“Every Mother’s Son” is an award-winning documentary about the controversial deaths of three young men, one African American, another Puerto Rican and the third, Jewish. All were killed in controversial circumstances by New York City police officers. The film first released in 2004 was the focus of a special edition last week of the Atlanta Jewish Film Festival’s monthly discussion series of important films and filmmakers.
The film festival has been hosting Zoom video conference calls for the past several months in place of regular theater programs. The complimentary virtual screening of the film, underwritten by AJFF, preceded the discussion June 25 featuring New York filmmaker Tami Gold, who spent seven years following the plight of the mothers of the three young men who were killed by police.
Gold said the women were transformed into community activists after their sons’ deaths. “They made the choice to become fighters. They fight. They stand up. They don’t put the torch down. That’s what they share in common.”
The three women were from very different backgrounds, one was from the African nation of Guinea, another was Puerto Rican, and the third is the mother of a young chasidic Jew with a history of mental illness, Gary (Gidone) Busch. He was living in Borough Park in Brooklyn, when he was shot 12 times by four police officers in 1999 after threatening them with a hammer.
His mother, Doris Busch Boskey, spent seven years pursuing through state and federal courts the officers who fired the fatal shots. She abandoned the fight in 2006.
Filmmaker Gold believes that people like Boskey don’t give up easily because they see a bigger picture. “The reason why some people persevere is that they see the large not just the small picture. So it’s not just their son that was killed, it’s about this larger fabric in our society. Once they’ve seen that, the combination is unbeatable.”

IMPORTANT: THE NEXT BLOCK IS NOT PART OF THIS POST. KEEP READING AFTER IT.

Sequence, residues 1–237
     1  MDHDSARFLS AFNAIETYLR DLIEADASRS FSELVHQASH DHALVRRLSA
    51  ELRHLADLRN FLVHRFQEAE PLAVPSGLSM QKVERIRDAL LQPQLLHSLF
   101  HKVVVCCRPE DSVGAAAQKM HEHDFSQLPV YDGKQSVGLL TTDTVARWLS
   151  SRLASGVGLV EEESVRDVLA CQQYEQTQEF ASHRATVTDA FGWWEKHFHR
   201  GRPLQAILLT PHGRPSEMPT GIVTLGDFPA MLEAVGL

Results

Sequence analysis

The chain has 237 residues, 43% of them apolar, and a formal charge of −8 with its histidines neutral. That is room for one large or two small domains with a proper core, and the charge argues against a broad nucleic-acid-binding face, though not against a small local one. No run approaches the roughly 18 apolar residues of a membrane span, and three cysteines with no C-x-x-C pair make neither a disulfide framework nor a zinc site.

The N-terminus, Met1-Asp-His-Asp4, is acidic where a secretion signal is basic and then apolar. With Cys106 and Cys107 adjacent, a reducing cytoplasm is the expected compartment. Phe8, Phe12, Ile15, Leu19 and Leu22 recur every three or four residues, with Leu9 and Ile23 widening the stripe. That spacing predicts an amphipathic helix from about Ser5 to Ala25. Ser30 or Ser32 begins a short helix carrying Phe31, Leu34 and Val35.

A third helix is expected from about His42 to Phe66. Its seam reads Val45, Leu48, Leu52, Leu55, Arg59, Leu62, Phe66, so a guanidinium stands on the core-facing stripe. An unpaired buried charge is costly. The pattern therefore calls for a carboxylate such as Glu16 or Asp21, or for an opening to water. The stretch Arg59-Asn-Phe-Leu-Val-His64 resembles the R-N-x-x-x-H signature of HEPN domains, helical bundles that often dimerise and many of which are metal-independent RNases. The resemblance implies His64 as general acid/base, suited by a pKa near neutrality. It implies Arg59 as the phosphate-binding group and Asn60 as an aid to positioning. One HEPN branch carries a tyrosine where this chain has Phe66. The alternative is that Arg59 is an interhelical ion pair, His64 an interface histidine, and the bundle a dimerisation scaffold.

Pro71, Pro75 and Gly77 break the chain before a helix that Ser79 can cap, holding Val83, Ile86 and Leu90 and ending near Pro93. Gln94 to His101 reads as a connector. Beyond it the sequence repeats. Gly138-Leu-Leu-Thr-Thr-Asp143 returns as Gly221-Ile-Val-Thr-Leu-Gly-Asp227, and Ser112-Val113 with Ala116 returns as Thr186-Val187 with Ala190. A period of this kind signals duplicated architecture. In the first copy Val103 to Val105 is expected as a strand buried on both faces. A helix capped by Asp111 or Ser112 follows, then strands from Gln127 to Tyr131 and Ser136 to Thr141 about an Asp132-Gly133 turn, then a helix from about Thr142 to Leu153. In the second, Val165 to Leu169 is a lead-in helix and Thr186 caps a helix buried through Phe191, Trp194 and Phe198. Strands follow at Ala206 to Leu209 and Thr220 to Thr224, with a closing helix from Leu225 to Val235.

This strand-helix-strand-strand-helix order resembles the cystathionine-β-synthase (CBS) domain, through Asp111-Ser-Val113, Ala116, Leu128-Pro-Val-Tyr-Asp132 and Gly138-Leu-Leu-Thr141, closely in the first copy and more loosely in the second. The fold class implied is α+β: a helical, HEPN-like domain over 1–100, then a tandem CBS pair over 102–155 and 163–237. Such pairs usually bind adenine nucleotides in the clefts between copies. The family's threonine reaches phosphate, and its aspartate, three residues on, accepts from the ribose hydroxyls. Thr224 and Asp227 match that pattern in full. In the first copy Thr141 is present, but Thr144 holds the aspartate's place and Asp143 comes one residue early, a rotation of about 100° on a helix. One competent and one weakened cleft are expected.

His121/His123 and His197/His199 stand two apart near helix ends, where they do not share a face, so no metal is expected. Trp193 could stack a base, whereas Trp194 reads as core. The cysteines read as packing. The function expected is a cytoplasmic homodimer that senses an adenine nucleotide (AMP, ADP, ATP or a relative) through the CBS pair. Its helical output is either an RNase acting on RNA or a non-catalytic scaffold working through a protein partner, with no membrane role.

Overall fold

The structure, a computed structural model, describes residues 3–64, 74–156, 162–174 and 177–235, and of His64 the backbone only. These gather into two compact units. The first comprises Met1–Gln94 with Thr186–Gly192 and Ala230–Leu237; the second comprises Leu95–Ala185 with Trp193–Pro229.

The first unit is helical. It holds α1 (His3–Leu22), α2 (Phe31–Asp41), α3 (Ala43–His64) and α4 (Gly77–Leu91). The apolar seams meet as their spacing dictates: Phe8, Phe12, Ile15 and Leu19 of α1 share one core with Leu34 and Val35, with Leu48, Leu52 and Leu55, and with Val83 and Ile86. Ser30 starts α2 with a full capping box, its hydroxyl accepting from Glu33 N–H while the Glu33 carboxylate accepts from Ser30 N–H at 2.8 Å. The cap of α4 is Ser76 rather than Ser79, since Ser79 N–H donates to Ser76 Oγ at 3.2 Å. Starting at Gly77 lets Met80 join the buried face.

The AJFF discussion of the film was led by Rabbi Peter Berg of The Temple in Atlanta, who has a long history of support for civil and human rights in the community.
He has been a strong voice in the Black Lives Matter movement that has gained nationwide support after the death, in Minneapolis, of George Floyd, a 46-year- old African American. His death was ruled a homicide after a group of police officers subdued him on a city street and one restrained him with his knee on Floyd’s neck.
“We know we need police and we know we need police reform. And the question is, how can we do both of those things? We’ve got to figure out a way to change the system. But this notion of someone having a knee on their neck for eight minutes, 48 seconds with a group of police officers watching, is absolutely unacceptable by any standard.”
What Rabbi Berg found so remarkable is that “Every Mother’s Son,” the documentary the AJFF selected for the discussion, was not made this year. It was released 16 years ago. The deaths of the three men caused by police took place in the 1990s. Rabbi Berg says change is long overdue.
“It’s a conversation that we’ve needed to have for a long time. Up to now it hasn’t happened. What’s interesting about the movie is that it looks like it was written in 2020. Nothing has changed.”
Also participating in the AJFF discussion was Andrea Young, the executive director of the American Civil Liberties Union of Georgia. She sees the film as speaking to the shortcoming of the entire criminal justice system.
“I think that the brutal murders in the film are the tip of the iceberg of the consequences of this system, and that’s why so many people also are in the streets. … And, of course, unlike the 1990s when the killings in ‘Every Mother’s Son’ occurred, now these things are on video. And so you can see the entire transaction.”
John Eaves, an African American member of The Temple and former chairman of the Fulton County Commission, seemed to summarize the AJFF discussion. Reaction to police misconduct, he believes, has become not just a national phenomenon but an international protest movement as well.
Eaves, who heads The Temple’s racial justice committee, believes there is good reason why there have been Black Lives Matter demonstrations in major foreign capitals as well.
“You have a movement that is much bigger and frankly, transformative, that is international and has the potential of being multi-dimensional. It’s not just law enforcement. It’s not just criminal justice reform, but it challenges this whole notion of systemic racism and white supremacy that is really interwoven not only in American society, but in many places around the world.”